31st May 2016


Challenges of building anaerobic digestion plants

In all construction and engineering industries, there are always challenges when it comes to building. The anaerobic digestion (AD) industry is no exception to the obstacles that occur throughout the construction process. The challenges that the AD sector faces when building AD plants does not just occur during the design and construction phase but before the process begins and after it has been commissioned.

 

It is advised that the chosen AD technology provider has considerable experience to be able tailor the plant to the unique requirements of each client. It is important that the company offers to and liaises with banking institutions, local planning authourities, the Environment Agency and local residents on behalf of the client before the process begins. This means that any potential issues that might arise when submitting planning or grid applications can be resolved beforehand to prevent delays.

 

The first challenge that occurs when building an AD plant is gaining authorisation on grid connections and from the Environment Agency. With the boost in other renewable technologies in recent years, the grid capacity around the country is becoming more saturated in the countryside. It is becoming more difficult to achieve a full connection or the capacity required. The Environment Agency also needs to be informed of works where waste products are in the feedstock (this does not apply to crop only plants) to ensure compliance and to allow for site inspection.

 

Feedstocks can raise a number of challenges depending on which is used. It is important to not only utilise the available feedstock but to also understand its gas yield potential and impact on the process. If large quantities of feedstock i.e. maize has to be imported in, it starts to negatively affect the income stream. Some manures, i.e. poultry litter in large doses can have a damaging effect on the AD plant, due to containing high levels of ammonia that restricts the biological process of the plant. Hydrogen Sulphide (H2S) also can be hugely problematic to the AD plant as it is not only dangerous to humans but it reacts and breaks down the concrete tanks and the CHP; it is extremely important that it is considered during design and monitored when operating.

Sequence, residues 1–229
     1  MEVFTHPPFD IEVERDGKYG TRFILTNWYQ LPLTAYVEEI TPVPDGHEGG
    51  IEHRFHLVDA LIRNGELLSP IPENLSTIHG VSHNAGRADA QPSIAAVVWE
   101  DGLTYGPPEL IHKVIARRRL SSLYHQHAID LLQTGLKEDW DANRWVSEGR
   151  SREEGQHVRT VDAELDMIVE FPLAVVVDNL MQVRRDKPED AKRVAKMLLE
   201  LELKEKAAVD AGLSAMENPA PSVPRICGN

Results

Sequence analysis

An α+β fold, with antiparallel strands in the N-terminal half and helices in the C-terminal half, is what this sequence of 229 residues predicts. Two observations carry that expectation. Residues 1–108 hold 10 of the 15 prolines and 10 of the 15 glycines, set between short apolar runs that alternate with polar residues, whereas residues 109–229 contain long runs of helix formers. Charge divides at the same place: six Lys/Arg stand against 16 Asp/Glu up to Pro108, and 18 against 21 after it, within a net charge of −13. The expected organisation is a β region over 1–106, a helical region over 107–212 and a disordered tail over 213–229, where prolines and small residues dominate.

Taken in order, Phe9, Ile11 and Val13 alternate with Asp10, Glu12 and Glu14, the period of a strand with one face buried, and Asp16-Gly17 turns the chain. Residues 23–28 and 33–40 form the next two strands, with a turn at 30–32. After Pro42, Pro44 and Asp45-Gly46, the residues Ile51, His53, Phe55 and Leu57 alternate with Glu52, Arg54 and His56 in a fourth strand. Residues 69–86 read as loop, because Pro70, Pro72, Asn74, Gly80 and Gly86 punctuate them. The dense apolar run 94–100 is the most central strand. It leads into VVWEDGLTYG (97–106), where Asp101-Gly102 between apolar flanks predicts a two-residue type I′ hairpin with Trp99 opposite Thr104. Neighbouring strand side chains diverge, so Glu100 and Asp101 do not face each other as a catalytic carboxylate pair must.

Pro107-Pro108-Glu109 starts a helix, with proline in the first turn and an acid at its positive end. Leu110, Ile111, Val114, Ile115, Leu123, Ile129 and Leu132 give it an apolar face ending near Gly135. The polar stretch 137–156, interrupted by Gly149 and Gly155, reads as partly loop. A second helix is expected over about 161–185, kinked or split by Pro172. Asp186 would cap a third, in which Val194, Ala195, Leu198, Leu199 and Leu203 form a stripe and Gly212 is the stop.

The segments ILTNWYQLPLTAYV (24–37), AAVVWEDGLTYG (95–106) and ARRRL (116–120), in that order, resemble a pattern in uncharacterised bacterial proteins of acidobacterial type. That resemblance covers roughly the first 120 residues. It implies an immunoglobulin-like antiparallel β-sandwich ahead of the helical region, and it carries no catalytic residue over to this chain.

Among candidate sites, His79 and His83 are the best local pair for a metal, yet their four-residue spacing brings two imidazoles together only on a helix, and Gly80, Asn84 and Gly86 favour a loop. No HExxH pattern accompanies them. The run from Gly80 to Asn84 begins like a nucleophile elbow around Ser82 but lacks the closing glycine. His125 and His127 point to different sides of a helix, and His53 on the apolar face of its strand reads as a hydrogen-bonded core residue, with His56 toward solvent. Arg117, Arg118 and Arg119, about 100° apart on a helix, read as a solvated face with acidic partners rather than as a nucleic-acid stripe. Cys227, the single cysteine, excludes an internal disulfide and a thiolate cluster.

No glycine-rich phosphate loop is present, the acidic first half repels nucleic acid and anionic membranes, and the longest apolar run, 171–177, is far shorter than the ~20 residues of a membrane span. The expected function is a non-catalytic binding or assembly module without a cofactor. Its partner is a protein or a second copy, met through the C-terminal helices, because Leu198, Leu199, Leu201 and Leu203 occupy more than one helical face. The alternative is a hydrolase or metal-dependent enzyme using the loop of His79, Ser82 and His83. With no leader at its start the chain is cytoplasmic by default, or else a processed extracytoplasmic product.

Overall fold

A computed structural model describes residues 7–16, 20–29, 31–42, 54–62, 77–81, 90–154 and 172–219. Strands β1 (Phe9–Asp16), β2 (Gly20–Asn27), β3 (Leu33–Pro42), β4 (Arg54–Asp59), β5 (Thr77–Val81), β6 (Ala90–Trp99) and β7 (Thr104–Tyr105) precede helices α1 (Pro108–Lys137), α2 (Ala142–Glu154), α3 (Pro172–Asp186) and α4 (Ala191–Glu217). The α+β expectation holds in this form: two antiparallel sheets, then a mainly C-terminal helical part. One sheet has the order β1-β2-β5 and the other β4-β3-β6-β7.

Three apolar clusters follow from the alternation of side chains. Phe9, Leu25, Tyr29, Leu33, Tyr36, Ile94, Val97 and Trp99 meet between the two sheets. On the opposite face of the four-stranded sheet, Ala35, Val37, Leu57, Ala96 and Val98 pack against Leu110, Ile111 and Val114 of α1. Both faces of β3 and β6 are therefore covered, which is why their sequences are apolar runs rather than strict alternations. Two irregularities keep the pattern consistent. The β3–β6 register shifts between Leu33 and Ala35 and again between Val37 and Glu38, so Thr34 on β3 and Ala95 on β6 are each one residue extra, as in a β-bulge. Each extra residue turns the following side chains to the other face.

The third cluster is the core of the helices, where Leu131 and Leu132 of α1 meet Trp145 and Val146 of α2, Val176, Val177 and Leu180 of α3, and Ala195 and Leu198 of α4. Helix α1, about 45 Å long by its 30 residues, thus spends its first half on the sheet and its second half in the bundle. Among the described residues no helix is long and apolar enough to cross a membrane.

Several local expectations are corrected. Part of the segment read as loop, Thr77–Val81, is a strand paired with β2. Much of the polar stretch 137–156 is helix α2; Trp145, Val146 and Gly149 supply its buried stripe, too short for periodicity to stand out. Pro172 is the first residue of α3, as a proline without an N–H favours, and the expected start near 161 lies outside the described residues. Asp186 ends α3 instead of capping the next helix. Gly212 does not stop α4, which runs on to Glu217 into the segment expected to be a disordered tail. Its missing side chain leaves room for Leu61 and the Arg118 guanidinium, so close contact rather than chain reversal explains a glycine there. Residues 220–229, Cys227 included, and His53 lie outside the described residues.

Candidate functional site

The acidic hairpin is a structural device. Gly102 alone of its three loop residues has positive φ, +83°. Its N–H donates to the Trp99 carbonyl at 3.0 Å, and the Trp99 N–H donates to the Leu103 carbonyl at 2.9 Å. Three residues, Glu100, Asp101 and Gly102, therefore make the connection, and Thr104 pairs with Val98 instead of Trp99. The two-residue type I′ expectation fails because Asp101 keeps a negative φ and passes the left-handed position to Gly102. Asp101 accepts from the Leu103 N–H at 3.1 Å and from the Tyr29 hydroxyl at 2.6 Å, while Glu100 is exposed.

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Another challenge that occurs when building an AD plant is being able to finance the project. With recent changes in legislation regarding RHI and the deductions in FiT (Feed in Tariff) rates, the industry is being squeezed. Proposals for changes to RHI (presently at consultation stage) have also been put forward to restrict crop only plants and digestate drying. These cuts and changes haven’t by any means made AD uneconomical but it creates more of barrier when financing the plant build. The banking regulations when it comes to funding and loans, poses a potential difficulty to get the project started; especially as the banks won’t lend to an existing failing business. It is vital to obtain key payback and return figures when it comes to gaining investment from banking institutions or renewable funders.

 

In regards to planning, ground conditions and the visual impact has a key part to play. Ground conditions can be a deciding factor on whether a project can get off the ground on the first place, constructing on soft, permeable ground will not only lead to potential subsidence issues but it will likely be challenged by the Environment Agency and will draw in extra expenditure with bunding the tank. The visual impact and odour management of an AD plant is an area that planning officers are hot on, especially if there are surrounding businesses and residential areas. It is important that local residents are on board with the build, even though AD has been around for a number of years, it is still a fairly misunderstood sector in terms of the impacts that it has on the area.